My first major trip was to Jeonju, a city located in the mid to southwestern part of Korea. We spent the day in Jeonju Hanok Village which is a popular site for both Korean visitors and tourists (supposedly selected the No. 1 tourist attraction in 2011 by the Korean Ministry of Culture, Sports & Tourism), boasting over 700 Korean-style houses (hanok).
There are many roads in which you can walk around to explore the beautiful traditional architecture, much of which is placed within lush greenery.
The streets are lined with restaurants, street food vendors, and shops. There are many shops that rent out Hanboks, traditional Korean wear, for you to try on or wear around while you are exploring the village.
A lot of people, mostly those in their 20’s, can be seen parading around in this attire. Pairs of female friends or matching couples seem to be the most common folk to engage in this activity.
The village is also home to Gyeonggijeon Palace, which holds a shrine constructed in 1410 to safekeep the portrait of Taejo Lee Seonggye, the founder of the Joseon Dynasty (Taejo is a term often applied to founders of Korean dynasties). According to the signage inside the shrine, only the eojin (royal portrait) in Gyeonggijeon was unharmed during the Japanese invasion between 1592-8. Portraits kept in other regions were all burned. The one they have on display today is a newly painted copy (the original was burned and buried around 1872 as it began to deteriorate).
The village is a charming trove of tradition and history, for sure. But what I found the most interesting about Jeonju Hanok Village, and what makes this area actually a very fitting first location to visit for this project, is that this place perfectly encapsulates the intersection, and sometimes clash, of tradition and modern that I hoped to explore. Traditional, old-style buildings stand on one side of the street in direct contrast to the modern, industrialized buildings on just the other side of the street. Shiny cars litter the roadways, and flashy signs advertise the newly formed stores.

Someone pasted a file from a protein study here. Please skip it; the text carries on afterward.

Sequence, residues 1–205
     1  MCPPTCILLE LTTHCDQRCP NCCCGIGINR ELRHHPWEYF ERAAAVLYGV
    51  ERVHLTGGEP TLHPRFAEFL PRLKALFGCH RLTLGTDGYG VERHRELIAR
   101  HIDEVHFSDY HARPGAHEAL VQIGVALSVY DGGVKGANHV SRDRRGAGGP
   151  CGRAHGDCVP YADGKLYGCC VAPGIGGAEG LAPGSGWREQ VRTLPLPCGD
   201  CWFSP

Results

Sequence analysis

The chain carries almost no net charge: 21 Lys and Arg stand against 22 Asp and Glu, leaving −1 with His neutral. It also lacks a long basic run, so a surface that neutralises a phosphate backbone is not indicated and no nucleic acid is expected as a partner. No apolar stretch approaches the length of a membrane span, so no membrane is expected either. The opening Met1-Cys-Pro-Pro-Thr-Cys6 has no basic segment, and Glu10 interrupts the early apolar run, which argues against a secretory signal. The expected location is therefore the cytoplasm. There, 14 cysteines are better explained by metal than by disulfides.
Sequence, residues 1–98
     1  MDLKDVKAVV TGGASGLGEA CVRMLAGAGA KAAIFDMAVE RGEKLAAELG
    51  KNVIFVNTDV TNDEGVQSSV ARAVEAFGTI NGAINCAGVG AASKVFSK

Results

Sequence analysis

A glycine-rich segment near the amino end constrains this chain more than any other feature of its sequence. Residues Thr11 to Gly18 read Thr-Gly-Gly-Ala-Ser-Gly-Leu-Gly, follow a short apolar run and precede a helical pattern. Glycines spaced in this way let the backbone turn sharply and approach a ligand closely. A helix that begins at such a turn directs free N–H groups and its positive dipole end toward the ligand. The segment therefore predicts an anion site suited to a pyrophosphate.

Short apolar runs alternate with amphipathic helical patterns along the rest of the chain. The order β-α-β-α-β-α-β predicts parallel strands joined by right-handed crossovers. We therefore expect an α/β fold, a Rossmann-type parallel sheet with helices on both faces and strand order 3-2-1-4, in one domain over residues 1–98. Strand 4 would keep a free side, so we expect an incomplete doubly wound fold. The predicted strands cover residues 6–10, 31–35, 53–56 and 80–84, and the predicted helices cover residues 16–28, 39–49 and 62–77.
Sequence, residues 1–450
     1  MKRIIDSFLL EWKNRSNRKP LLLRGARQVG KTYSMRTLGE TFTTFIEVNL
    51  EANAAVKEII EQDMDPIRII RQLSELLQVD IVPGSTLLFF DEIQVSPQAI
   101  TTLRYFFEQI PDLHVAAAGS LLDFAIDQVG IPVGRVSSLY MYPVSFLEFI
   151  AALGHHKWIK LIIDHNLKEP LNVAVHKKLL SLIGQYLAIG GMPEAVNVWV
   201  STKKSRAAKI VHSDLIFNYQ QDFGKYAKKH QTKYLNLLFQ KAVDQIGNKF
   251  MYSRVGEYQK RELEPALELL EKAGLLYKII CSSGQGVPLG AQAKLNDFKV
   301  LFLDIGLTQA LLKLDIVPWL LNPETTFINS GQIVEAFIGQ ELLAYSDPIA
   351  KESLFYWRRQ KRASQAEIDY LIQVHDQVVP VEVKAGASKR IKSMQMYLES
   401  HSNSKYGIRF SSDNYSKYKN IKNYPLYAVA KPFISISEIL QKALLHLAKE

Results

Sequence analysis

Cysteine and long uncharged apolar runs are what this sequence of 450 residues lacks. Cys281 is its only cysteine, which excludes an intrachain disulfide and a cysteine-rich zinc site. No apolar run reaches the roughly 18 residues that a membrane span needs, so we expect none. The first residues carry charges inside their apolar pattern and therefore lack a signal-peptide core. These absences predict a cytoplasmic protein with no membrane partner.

It’s honestly a little jarring to see people dressed in full traditional garb taking pictures with selfie sticks and old looking buildings housing smoothie stations. I mean, the fact that these two pictures below were taken from the same area points to just how much dichotomy there is within this one space.
Something else that surprised me was the presence of western influences within this space. In the picture below, you can see traditional Korean architecture right next to a western style cathedral, the Jeongdong Cathedral to be exact.
It is now a catholic church that was built where Catholics had been martyred during the Joseon dynasty. According to the sign outside the church, “this magnificent Romanesque structure… has become the symbol of harmony of traditional Korean culture and western culture”. There was something uncanny in seeing the mix of modernly dressed people and those in full hanbok attire walking along a piece of architecture so obviously western. It seemed like all the worlds had collided for that moment.
When I first heard about Jeonju Hanok Village, I did not expect there to be so many interesting deviations of what I had in mind as a ‘traditional, korean village’, but I enjoyed the surprises. It is definitely a delightful space and a fine example of just how many things have influenced and continue to influence Korea’s constantly evolving culture.
If I could sum up the peculiarity of this village in one picture, it would be this:
Thank you for reading so far!
*As an aside, here are some more miscellaneous pictures I took during the trip:
And here’s a short video I put together with the little footage I managed to get while I was there; I like to think of this project as an opportunity for me to try out new things so this was a fun experiment for me. It was my first time filming and editing a video like this so I forgot to film most of the time and the quality is admittedly not the best… but I will keep trying! Thanks for tuning in as I progress.
Song credits: “Cream” – imChanel & “Cotton Damn” – Bohkeh on Soundcloud